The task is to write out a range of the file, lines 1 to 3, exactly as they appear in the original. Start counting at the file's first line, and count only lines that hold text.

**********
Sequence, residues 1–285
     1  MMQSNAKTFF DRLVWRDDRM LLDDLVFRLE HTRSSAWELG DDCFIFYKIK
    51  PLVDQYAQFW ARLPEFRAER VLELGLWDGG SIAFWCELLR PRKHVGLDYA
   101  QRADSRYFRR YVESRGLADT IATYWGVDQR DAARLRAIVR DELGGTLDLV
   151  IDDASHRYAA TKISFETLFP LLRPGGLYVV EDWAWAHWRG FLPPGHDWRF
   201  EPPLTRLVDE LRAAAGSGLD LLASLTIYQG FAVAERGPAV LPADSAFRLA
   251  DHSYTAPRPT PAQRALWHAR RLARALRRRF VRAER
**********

Sequence, residues 1–285
     1  MMQSNAKTFF DRLVWRDDRM LLDDLVFRLE HTRSSAWELG DDCFIFYKIK
    51  PLVDQYAQFW ARLPEFRAER VLELGLWDGG SIAFWCELLR PRKHVGLDYA